A bone density scan measures the quantity of bone. The most common way to measure bone density is with a dual-energy x-ray absorptiometry called DXA for short.
The most common sites of measurement are the hip and lumbar area of the spine. In some instances, the forearm is also measured.
Your measurements are compared to a database of same-sex younger individuals to calculate is standardized number called a T-score. In addition, your results are compared to same-sex individuals of the same age to calculate a “Z-score.”
The T-score is used for diagnosis. The categories for diagnosis are:
- normal (T-score -1.0 and above)
- low bone mass, referred to as osteopenia (T-score between -1.0 and -2.5)
- osteoporosis (T-score -2.5 and below)
- severe osteoporosis (T-score -2.5 and below with history of a fracture)
Assess Risk Factors with Low Bone Mass/Osteopenia
For those individuals in the low bone mass category, calculation of an additional score that assesses risk factors along with the bone density of the neck region of your hip is recommended. You will be asked about certain risk factors along with measurement of your height and weight. This information is used to calculate your risk of fracture in the next 10 years for a hip fracture or major osteoporotic fracture. This so-called FRAX score is either calculated as part of the bone density scan software or through an interactive web-based or app calculator.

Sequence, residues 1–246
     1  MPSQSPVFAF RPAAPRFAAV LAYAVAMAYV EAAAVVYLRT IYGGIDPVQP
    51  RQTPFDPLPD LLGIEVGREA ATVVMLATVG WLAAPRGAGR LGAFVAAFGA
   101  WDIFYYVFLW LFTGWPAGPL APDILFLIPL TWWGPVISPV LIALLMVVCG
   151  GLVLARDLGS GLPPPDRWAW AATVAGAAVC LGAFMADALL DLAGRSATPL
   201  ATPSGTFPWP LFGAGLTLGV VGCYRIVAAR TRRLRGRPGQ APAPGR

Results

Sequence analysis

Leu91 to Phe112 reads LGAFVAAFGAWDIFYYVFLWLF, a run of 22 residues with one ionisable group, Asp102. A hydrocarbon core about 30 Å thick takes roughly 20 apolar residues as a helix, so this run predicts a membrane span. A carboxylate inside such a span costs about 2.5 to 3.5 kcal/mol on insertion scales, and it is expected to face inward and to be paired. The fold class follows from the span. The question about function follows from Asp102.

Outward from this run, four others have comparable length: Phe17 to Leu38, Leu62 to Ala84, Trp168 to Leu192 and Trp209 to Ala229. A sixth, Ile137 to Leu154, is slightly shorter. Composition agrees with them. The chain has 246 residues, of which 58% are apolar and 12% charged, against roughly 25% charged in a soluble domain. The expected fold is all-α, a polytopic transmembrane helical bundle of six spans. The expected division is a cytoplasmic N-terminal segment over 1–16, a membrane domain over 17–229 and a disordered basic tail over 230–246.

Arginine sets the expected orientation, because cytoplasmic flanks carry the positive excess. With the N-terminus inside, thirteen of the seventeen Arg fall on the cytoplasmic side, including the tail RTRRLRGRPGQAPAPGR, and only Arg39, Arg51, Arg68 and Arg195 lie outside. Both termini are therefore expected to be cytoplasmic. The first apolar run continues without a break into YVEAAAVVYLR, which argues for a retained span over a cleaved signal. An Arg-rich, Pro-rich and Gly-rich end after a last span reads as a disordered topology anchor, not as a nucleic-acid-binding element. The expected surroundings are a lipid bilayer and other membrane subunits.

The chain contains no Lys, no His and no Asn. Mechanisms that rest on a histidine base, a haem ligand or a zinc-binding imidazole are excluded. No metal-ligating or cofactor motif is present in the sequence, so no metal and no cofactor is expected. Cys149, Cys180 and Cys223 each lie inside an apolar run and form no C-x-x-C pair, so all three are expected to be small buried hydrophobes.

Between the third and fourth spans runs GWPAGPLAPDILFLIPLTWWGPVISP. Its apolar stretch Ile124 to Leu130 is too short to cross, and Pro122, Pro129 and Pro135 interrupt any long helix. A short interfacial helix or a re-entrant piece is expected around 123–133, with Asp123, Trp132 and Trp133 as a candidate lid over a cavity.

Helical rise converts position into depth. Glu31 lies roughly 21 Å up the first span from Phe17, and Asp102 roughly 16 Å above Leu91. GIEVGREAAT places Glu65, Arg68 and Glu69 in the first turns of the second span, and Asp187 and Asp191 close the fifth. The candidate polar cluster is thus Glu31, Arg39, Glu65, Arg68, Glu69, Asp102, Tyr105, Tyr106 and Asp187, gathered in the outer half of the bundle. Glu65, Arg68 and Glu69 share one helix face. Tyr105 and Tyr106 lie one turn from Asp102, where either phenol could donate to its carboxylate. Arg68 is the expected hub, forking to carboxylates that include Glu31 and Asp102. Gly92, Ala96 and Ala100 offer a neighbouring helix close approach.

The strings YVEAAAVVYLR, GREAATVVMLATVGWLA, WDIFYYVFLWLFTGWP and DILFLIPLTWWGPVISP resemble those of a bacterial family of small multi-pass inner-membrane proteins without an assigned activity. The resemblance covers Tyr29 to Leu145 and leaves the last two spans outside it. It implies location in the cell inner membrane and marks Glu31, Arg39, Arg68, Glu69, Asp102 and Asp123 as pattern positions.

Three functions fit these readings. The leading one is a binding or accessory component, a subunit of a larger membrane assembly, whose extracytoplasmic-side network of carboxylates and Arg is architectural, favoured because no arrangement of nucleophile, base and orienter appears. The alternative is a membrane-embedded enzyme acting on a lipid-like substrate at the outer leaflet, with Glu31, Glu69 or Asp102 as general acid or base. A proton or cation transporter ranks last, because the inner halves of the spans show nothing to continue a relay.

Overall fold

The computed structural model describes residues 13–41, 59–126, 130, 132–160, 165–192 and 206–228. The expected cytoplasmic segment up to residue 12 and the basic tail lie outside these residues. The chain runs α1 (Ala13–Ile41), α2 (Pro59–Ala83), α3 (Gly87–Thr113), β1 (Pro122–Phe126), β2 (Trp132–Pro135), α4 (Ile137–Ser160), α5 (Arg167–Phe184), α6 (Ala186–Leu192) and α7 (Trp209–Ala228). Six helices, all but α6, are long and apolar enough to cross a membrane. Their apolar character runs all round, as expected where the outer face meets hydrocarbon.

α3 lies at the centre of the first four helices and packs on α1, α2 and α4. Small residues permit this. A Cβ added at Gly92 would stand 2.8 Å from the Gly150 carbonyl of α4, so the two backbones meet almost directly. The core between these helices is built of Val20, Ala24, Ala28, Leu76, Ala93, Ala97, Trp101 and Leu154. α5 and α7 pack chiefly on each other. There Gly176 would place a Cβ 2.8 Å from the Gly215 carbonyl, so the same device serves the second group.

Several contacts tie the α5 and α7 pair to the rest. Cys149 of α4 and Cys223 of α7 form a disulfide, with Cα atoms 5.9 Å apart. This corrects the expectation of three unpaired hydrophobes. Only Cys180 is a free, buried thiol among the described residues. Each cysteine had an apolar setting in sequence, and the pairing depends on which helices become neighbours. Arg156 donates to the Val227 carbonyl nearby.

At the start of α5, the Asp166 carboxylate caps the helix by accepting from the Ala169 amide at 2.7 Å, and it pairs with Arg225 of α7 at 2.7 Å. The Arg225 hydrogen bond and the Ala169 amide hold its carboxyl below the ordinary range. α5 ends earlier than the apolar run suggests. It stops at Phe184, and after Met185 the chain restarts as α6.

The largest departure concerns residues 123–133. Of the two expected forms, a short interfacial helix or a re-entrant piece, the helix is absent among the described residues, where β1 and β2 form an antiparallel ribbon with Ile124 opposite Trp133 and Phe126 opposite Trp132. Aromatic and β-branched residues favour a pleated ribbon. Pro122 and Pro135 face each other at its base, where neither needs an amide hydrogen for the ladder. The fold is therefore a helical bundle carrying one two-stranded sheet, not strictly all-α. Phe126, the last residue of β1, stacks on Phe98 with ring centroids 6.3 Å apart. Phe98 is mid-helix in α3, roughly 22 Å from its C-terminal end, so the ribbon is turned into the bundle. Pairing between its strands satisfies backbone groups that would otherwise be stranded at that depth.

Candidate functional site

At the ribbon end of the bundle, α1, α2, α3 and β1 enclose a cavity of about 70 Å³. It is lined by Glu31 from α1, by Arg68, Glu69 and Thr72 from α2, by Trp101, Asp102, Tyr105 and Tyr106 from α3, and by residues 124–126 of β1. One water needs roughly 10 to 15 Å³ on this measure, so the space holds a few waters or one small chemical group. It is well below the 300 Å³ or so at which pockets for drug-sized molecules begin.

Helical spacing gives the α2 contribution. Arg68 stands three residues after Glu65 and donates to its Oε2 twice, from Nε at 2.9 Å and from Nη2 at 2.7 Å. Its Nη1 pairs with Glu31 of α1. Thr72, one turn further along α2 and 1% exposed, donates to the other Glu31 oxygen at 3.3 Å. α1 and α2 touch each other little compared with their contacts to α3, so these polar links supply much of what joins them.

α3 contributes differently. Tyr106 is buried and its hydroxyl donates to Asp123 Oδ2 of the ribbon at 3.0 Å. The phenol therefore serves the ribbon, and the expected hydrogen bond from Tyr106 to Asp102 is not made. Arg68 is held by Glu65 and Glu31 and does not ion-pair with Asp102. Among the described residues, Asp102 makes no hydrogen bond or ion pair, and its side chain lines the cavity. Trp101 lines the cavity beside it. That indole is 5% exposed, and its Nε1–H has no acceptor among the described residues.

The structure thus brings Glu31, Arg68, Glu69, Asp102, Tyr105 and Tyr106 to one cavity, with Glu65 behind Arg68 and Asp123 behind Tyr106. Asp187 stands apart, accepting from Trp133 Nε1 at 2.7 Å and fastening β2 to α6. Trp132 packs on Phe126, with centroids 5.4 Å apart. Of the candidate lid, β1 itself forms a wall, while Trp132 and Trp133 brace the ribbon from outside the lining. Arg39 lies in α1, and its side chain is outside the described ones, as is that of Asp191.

Should you have a bone density scan?
Bone density scans are recommended for
Individuals at risk for osteoporosis including
Women in the menopause transition or early menopause
Men over age 50
Women age 65 and older
Men age 70 and older
Talk with your doctor or healthcare professional about your risk for osteoporosis if it’s time to get a bone density scan.
When should you repeat a bone density scan?
Timing for a follow-up bone density scan is based on your baseline scan results, your medical history or treatment, and the expected amount of change. Medicare and commercial insurance carriers usually reimburse for DXA scans at 24-month intervals. In circumstances of possible rapid loss such as high dose steroid therapy, your insurer may approve a shorter interval for a follow-up scan.
You should return to the same location to have your repeat bone density. Unfortunately, comparison cannot be made from results of different machines.